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Turkey Bars Israel Military Flights After Gaza Raid


Turkey has closed its airspace to some Israeli military flights following a deadly raid on a Gaza-bound aid ship, the Turkish prime minister and officials said Monday. This move by Turkish authorities is the latest blow to derailing Israeli-Turkish relations.

An Israeli transport plane was refused entry into Turkey's airspace and ordered it to take an alternative route, Turkish officials confirmed Monday.

Turkish Prime Minister Recep Tayyip Erdogan also confirmed Sunday at the G20 summit in Toronto that a ban had been implemented following the May 31 raid of a Gaza-bound aid ship, in which nine Turkish citizens on the flotilla were killed.

The Israeli raid on the aid flotilla drew international condemnation. The six-ship flotilla was trying to break a blockade of Gaza that Israel says is needed to prevent weapons reaching militants in the territory.

A Turkish official, speaking on condition of anonymity, said while there is an official policy in place banning Israeli military aircraft from Turkish airspace, it is not a blanket ban and will be dealt with on a case-by-case basis.

Mr. Erdogan speaking at a press conference at the G20 summit said bilateral relations would only be normalized after Israel met a series of demands.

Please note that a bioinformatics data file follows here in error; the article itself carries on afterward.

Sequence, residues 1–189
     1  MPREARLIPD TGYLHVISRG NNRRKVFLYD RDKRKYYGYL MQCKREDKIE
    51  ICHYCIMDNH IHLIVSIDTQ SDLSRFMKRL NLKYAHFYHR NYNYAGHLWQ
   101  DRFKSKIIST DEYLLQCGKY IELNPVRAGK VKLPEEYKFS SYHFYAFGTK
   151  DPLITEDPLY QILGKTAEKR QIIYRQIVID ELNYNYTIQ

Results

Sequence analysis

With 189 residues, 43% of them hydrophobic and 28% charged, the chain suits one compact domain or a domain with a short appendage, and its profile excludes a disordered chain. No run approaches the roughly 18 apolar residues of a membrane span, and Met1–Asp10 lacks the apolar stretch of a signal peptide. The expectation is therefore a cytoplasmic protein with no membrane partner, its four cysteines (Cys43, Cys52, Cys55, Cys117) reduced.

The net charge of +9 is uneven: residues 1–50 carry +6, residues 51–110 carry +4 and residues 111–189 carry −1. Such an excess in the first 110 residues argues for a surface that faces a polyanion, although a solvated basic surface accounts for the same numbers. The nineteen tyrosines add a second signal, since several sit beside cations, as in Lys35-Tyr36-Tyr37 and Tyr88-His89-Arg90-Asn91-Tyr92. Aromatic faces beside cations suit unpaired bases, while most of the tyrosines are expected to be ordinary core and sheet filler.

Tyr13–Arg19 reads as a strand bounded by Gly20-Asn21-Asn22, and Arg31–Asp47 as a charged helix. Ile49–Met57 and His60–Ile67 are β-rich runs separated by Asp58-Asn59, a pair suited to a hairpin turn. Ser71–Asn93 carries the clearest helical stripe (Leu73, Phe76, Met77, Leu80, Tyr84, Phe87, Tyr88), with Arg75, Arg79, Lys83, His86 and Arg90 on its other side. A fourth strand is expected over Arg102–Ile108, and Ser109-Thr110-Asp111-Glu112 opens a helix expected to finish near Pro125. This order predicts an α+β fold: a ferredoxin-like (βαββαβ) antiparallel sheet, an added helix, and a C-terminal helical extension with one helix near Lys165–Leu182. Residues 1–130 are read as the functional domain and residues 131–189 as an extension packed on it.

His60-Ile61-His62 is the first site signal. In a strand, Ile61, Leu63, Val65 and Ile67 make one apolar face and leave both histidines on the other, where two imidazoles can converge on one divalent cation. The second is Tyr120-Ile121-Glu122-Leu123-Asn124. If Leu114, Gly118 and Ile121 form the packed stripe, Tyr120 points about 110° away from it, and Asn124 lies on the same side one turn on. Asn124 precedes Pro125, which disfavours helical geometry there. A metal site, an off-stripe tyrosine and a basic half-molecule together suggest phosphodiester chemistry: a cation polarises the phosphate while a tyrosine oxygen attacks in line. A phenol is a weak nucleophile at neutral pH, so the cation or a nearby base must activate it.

"We, as Turkey, expect an apology from Israel, that's one," he said. "Two, there is a Turkish boat with a Turkish flag and this boat that carries our flag is attacked both by the sea and air. And thirdly, we are asking for the lifting the embargo on Palestine for the installment of peace in the region."

Mr. Erdogan also called for Israel to pay compensation to those Turks killed by Israeli forces.

Although last week Israel did ease its economic embargo on Gaza, observers say its unlikely that any of Mr. Erdogan's demands will be met. Israel claims the Turkish deaths were a result of its forces acting in self defense.

News of the air embargo along with Turkish demands on Israel follows Turkish news reports that U.S. President Barack Obama - during a meeting with the Turkish prime minister at the G20 summit - called for Turkey to normalize relations with Israel. During the 1990s, Turkey and Israel became strategic allies both politically and militarily. But in the last few years, Israel's policy towards Gaza has become an increasing point of tension with Turkey's Islamic-rooted government.

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